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05-01-2009, 06:44 PM
I apologize if this is a stupid question, but I am a newb here. I have heard some references to "Grades" (quality) of bottles, such as "grade 7" or "grade 9". I have searched for some reference that would outline some kind of a quality scale with no luck. Is there any kind of established guidelines or standards for "grading" bottles?

Thanks

"There are no stupid questions, just stupid people" - Mr. Garrison

glass man
05-01-2009, 08:22 PM
I DON'T THINK THERE IS ANY THING SET IN STONE,BUT MINT SEEMS TO BE [TO ME] A BOTTLE THAT LOOKS LIKE IT WAS MADE YESTERDAY. NEAR MINT HAS LITE HAZE OR SO..IT DESENDS FROM THERE. BUT I HAVE NOTICED IT IS JUBJECTIVE AND ONE MANS MINT IS ANOTHER MANS NEAR MINT. FOR INSTANCE AS LONG AS THER ARE NO CRACKS,CHIPS,ETC.SOME SAY MINT. MINT COMES DOWN WHAT DO YOU THINK WHAT IS MINT? JAMIE

Oldtimer
05-01-2009, 08:55 PM
Never heard a number system used, but that don't mean there isn't one the high end dealers and auctions use...
It's so subjective...."mint" is very very hard to come by...as Jamie said, most people's "mint" bottles have flea bites or tiny bruises...
"Near mint" is a far better description for 999 out of 1,000 "mint" bottles.
And lets face it: any bottle that isn't truly "mint" is damaged. Damaged is damaged, and what need is there to grade damage.
My personal guide is this: If the bottle can still be used for the intended purpose...it's "good enough" for me. If it held liquid, but has cracks...and still holds liquid...it's worth keeping to me.

mgardziella
05-01-2009, 09:08 PM
There is a number scale for ACL sodas given in the book "Collecting Applied Color Label Soda Bottles: Third Edition."
From worst to best-

5= Bad Condition - Portions of the label unreadable. Paint faded badly and/or stained. Badly chipped and scratched. Would only be saved if rare or unusual and displayed in dimly lit area.
4= Poor Condition - Scratches, chips staining and minor paint peeling that detract when displayed.
3= Fair Condition - Noticeable scratches and casewear. A few small chip and staining.
2= Good Condition - Minor scratches, fading and discoloration visible from arm's length. No chips or peeling paint.
1= Excellent Condition - Minor scratches. Display side of label in Near Mint (1+) condition.
1+= Near Mint Condition - No flaws visible when held at arms length.
M= Mint - Very close to perfection and in the new and unused condition.

div2roty
05-01-2009, 11:57 PM
To me that ACL grading system goes backwards. I also like grading systems out of 10, like those used with comics and baseball cards.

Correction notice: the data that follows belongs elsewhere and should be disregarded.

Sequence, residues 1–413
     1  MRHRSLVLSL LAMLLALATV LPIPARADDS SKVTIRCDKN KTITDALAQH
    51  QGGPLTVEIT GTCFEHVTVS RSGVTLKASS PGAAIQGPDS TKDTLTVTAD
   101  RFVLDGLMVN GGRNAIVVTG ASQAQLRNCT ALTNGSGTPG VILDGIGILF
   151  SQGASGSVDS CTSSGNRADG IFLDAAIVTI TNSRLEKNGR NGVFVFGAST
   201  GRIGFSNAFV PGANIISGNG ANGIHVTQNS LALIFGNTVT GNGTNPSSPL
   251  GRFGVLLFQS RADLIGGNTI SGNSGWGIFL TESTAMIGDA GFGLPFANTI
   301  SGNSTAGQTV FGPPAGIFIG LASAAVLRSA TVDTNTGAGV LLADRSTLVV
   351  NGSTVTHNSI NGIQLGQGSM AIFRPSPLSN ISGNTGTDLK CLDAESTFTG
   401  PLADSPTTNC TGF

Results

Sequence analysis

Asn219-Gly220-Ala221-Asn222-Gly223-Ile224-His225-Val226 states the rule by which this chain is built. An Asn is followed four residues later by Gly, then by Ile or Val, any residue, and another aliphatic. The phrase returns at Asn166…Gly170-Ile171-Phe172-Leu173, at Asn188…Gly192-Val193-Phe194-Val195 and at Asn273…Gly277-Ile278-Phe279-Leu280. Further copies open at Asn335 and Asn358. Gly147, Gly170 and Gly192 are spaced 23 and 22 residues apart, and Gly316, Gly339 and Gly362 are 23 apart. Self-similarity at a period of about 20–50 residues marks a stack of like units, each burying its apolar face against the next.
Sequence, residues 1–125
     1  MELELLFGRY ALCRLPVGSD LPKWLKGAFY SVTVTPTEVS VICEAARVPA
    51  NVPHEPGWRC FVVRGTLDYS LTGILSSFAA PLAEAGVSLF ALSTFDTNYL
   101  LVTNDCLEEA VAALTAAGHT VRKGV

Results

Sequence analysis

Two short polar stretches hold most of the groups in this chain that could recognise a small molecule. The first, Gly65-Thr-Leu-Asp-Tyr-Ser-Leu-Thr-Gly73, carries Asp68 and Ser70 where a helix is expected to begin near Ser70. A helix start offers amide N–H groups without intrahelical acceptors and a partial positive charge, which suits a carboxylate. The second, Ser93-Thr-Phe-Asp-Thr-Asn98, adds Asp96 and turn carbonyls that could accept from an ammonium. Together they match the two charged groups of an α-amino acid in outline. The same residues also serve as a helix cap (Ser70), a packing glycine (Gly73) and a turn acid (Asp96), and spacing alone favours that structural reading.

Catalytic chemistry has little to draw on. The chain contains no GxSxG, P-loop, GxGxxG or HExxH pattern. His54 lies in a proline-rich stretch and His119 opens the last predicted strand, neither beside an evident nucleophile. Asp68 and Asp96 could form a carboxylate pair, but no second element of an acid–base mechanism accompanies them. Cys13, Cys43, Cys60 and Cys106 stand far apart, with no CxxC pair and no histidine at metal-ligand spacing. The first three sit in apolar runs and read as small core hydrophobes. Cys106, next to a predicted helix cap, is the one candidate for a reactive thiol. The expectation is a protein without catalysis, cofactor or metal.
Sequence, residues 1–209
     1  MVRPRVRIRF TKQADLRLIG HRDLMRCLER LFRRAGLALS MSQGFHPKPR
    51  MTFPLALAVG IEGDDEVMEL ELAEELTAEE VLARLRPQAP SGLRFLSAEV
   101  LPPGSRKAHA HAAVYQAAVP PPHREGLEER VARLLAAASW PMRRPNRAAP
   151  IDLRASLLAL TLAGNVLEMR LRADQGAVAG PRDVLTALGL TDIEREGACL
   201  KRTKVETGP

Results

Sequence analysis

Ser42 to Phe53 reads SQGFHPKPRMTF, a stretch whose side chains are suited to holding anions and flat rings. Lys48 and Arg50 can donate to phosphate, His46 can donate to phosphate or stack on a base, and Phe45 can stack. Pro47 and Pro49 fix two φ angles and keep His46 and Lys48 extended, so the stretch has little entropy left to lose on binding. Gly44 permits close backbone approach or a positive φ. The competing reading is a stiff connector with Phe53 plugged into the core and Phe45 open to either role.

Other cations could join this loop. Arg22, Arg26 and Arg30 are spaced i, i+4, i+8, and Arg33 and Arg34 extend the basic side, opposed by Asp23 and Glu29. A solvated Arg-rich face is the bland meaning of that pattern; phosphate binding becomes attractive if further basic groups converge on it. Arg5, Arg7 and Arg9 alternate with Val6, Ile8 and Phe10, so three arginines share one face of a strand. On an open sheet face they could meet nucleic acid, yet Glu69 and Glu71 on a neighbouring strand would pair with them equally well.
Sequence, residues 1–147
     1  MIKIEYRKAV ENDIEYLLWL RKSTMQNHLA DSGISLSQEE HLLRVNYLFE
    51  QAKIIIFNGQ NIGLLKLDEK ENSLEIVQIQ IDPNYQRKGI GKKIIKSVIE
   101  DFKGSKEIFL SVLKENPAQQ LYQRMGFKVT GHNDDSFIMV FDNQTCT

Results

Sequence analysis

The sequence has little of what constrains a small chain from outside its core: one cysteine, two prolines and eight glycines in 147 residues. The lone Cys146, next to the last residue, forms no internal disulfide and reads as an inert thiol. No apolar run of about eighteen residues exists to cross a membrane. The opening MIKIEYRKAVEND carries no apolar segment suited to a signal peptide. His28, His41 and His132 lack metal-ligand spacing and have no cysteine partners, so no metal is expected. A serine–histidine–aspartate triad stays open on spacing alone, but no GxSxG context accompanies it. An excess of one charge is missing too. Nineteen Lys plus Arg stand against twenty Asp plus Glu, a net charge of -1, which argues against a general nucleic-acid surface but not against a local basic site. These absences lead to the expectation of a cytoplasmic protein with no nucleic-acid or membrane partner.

As far as bottles go, American Bottle Auctions (from Cali) uses a number system out of 10, with 10 being attic mint.

buzzkutt033
05-02-2009, 08:28 AM
there are various grading systems used in sportscard collecting. this one seems to apply best to what we do. what i like with the Beckett system is the subgrades. these qualify individual characteristics, then these numbers are averaged for an overall grade. it also points out specific defects which the buyer may have difficulty seeing. subgrades such as; embossing, surface, color etc could be used.

jim

https://www.antique-bottles.net/upfiles/8925/C27CE6BE4A5E4D9E872967CFA1A6C1B1.jpg

RICKJJ59W
05-02-2009, 08:46 AM
Here is my # system...

1. Junk
2.keeper
3.Nice
4.wow!
5.HOLY S!@#$T!!! [:D]

Oldihtractor
05-02-2009, 08:54 AM
I would have to agree with Rick.... You know it when you see it!!!

tigue710
05-02-2009, 02:27 PM
I just use this

1: I like it

2: I dont

the auction houses such as glassworks and I think american use a grading sytem of 1 - 10, but they vary so much with it I dont think it really falls into any sytem, more of just numbers they make up...

I've oftem seen this; "bottle is a near 9.5, except its cracked, so that makes up to you!" Instead of saying its a 2 or 3 they make up some bull like that...

Just give a good honest descrition, note any imperfections or damage...

The best terms are flea bite, pin prick, flake, open bubble, these mean damage but not damage that really hurts the bottle... stuff that could be fixed with a little buffing and you would never know it was there... be very specific, and honest as these terms are taking quite literally...

also do not forget to mention any cloudiness or stain.

baltbottles
05-02-2009, 04:06 PM
I'm with Tigue on this that I don't think any numeric grading system for antique bottles will ever work. Simply because how many truly mint bottles are out there. Any alteration of the bottles surface including base wear should be considered damage in the case of a bottle being truly mint.

However base wear is usually looked at as acceptable by collectors simply because it helps to show the bottles age.

I also agree that the best practice is simply a good honest description that states any damage or other distractions clearly to the buyer. Also if the bottle has been tumbled that should be stated when the bottle is sold. The buyer should be aware that he is getting a cleaned bottle not one that is an indoor find and wasn't altered.

I know if I buy a bottle as an attic find and when it arrives it shows evidence of being tumbled I will send it back or request a discount. This is one of the reasons I will buy a stained dug bottle over a tumbled example simply because I know the dug example has not been altered or messed with.

Chris

GuntherHess
05-02-2009, 05:24 PM
good photos and a thorough discription of any condition issues is what is needed to judge a bottle. A numeric grading system just confuses the process in my mind.